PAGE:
All about the F1 Student Visa
Updated: Apr 6, 2020
There are some parts of being an international student studying in the USA that can be difficult or challenging. If you’re an international student, you’re thinking “DUH”. All of it is challenging! You’re moving across the globe to try and learn in what may not your first language in an environment that is probably completely new. But if you’ve made it that far or are thinking about it (newbies check out You Are Totally Savvy Enough to Study Abroad and Rock It post), most students who come to the USA to study need either a J1 or an F1 visa. The J1 is called an exchange visa, while the F1 is called the student visa.
This article is going to cover the basic rules of the F1 visa. You may not realize it, but there are certain rules that come with every visa. Things you can and can’t do while attending school. Rules are boring, I know, but these ones will help you navigate some of the dos and don’ts of attending school in the USA. It will also save you a ton of time if you go to a huge school where you need to schedule appointments with an international advisor just to ask a simple question when the answer might be right here in this blog. Let’s dive in, shall we?
Basic Rules of the F1 Visa explained:
Entering the country – if you’ve been approved for the F1 student visa, the rule is that you aren’t allowed to enter the country more than 30 days before the start date listed on your I-20.
Arrival Procedure – this will vary everywhere, but the most important part is that you let the international office at your school know when you get to school, absolutely no later than the start date listed on your I-20
I-20 signature – make sure that a DSO (Designated School Official) signs your I-20 at least once a year. This one isn’t complicated, but you’d be shocked how many students bring their I-20s in with a blank expression. “Do I need this signed?” My sarcastic self always, “John – I know you can read. Is the date on the third page less than or greater than one year old?”
Expiration – don’t let your I-20 expire. Questions about your visa expiring? See the article about “Important Details about Student Visa” If your I-20 expires, it can be auto completed or cancelled, which would be a bunch of complicated paperwork to fix and neither you nor your international advisor have that kind of time. You do not have to worry about this with the visa, though, so check out that article as well.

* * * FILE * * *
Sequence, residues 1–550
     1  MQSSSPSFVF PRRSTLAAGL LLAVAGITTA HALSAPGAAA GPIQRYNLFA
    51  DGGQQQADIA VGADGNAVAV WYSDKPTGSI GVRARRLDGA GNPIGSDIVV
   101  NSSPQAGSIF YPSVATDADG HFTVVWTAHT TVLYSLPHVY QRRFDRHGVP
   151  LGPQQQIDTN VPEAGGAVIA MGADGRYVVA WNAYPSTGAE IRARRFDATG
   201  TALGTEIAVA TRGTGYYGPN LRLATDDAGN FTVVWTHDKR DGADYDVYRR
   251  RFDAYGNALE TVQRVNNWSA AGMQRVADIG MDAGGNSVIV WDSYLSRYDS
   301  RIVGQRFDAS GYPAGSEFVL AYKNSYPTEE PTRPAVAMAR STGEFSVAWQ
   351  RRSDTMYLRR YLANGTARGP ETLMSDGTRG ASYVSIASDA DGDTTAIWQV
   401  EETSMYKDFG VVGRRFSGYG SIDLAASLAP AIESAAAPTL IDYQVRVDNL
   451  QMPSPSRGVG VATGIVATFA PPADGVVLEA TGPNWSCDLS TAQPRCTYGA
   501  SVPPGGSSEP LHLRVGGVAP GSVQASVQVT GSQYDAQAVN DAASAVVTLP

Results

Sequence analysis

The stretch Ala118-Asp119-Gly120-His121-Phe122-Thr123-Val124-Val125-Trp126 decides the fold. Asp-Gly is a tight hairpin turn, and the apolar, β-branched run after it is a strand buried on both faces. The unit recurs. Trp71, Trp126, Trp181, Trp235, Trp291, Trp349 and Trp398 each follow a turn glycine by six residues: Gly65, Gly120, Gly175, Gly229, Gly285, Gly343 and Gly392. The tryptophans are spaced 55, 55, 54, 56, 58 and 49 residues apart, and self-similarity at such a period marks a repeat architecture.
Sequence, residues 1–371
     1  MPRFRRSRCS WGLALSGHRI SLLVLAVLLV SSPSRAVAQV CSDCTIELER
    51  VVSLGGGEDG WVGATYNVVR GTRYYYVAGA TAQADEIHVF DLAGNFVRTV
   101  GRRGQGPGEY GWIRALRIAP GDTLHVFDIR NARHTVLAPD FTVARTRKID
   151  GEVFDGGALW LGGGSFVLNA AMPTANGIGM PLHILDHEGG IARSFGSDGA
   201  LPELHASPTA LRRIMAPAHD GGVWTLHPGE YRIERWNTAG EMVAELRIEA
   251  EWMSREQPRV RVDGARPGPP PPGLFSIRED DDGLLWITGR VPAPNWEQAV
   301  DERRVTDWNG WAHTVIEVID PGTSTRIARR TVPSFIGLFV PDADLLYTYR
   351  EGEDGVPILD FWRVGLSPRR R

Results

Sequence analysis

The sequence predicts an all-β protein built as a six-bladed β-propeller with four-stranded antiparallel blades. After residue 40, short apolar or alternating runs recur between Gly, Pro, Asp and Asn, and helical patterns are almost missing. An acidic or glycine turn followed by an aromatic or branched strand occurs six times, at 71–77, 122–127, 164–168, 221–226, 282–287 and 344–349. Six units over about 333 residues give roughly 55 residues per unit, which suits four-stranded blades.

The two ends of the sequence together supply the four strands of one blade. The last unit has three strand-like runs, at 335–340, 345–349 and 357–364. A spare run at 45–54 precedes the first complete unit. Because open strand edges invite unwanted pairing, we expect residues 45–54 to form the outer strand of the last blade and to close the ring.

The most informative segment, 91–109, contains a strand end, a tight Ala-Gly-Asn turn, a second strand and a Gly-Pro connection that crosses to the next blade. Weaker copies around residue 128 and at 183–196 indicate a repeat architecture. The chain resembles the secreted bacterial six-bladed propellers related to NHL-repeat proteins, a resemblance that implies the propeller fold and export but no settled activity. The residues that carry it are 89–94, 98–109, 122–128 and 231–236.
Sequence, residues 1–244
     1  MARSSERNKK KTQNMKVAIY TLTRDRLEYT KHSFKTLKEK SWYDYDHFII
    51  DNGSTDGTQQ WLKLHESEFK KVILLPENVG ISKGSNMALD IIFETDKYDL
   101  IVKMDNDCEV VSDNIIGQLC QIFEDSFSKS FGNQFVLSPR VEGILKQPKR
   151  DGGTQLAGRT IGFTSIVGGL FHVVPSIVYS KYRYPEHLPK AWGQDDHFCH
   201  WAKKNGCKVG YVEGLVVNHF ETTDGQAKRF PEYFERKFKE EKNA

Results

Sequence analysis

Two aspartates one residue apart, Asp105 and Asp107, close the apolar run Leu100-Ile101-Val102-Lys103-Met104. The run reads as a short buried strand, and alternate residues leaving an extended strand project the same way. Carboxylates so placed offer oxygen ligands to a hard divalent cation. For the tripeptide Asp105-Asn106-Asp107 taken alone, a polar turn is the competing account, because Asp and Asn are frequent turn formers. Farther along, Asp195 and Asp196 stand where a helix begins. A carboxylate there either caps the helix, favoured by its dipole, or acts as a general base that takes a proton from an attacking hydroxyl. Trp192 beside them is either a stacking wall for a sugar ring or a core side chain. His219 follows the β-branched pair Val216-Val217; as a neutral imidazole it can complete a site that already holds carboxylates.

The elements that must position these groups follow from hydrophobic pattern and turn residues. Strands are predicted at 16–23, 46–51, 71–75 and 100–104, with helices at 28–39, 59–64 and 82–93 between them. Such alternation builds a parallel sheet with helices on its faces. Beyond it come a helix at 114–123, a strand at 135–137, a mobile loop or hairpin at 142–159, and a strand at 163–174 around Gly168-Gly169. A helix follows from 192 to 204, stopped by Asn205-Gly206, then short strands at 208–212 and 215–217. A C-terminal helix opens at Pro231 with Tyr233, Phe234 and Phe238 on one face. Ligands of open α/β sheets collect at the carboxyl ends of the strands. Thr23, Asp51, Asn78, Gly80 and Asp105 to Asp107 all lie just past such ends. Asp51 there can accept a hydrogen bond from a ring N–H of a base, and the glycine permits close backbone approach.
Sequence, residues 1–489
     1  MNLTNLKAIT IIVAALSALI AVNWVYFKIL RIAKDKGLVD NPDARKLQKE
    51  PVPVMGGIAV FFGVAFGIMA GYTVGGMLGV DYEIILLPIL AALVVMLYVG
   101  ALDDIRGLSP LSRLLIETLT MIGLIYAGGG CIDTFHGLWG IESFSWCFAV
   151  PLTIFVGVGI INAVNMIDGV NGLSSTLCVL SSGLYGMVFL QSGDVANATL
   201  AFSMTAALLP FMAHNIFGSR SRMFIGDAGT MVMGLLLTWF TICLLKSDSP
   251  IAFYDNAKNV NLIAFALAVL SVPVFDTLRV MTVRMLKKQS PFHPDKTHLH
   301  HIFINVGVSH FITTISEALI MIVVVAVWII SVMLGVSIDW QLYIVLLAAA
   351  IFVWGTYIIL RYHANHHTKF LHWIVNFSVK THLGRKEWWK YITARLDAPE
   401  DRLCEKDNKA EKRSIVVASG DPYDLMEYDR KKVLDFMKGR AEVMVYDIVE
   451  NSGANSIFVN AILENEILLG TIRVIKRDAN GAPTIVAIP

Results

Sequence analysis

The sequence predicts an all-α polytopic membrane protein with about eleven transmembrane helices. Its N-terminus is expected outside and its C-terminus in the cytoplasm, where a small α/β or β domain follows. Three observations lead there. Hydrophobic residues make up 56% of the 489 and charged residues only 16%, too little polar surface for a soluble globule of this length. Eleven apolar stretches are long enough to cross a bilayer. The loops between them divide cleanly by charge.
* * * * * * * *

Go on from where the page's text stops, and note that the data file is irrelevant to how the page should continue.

Attendance – you must be enrolled in a minimum of 12 credit hours at your school, and at least 75% of the credits must be taken in person. Long story short, you can’t come to study in the USA and then take all online classes and attend a school in New York while living in California.
Reduced Course Load – there are really only two reasons you are allowed to ask to be in less than 12 credit hours during any given semester. One is called a Medical Reduced Course Load, which requires (you guessed it) some kind of doctor’s note or medical records to be submitted, and the other is an Academic Reduced Course Load, which means that you get kind of one free pass when you start school. One time, usually the first semester, you can claim that culture shock, language skills, or educational system differences made you struggle and you needed to drop a class.
Program Extension – some students end up needing an extra semester at the end of their program. The basic rule of thumb is just to ask your international advisor for an extension of the program, preferably before the last week of classes. Some schools may require these types of requests months in advance even.
Off Campus Employment – You aren’t allowed to work off campus. Period. End of story. It’s illegal unless you are utilizing CPT or OPT. This is a whole different article, so stay tuned for that one coming in the next few weeks.
Program Completion – Students have 60 days to leave the country at the end of their program. Most DSO’s will list the end date around the time of graduation, so just be mindful if you plan to stick around for the summer on which date you need to leave by.
Overall, I would argue these are the most important rules of the F1 visa. Many times these are covered during orientation when you arrive to school, or each year when you come back. Nothing wrong with doing a little research and being extra prepared though!
One of the best places to find the more formal description of these rules is Study in the States.
Well, savvy internationals, I hope this was a helpful use of your time. Remember to check out the Instagram for daily tips and laughs, and browse the website for more helpful articles, travel pictures, and favorites of mine.
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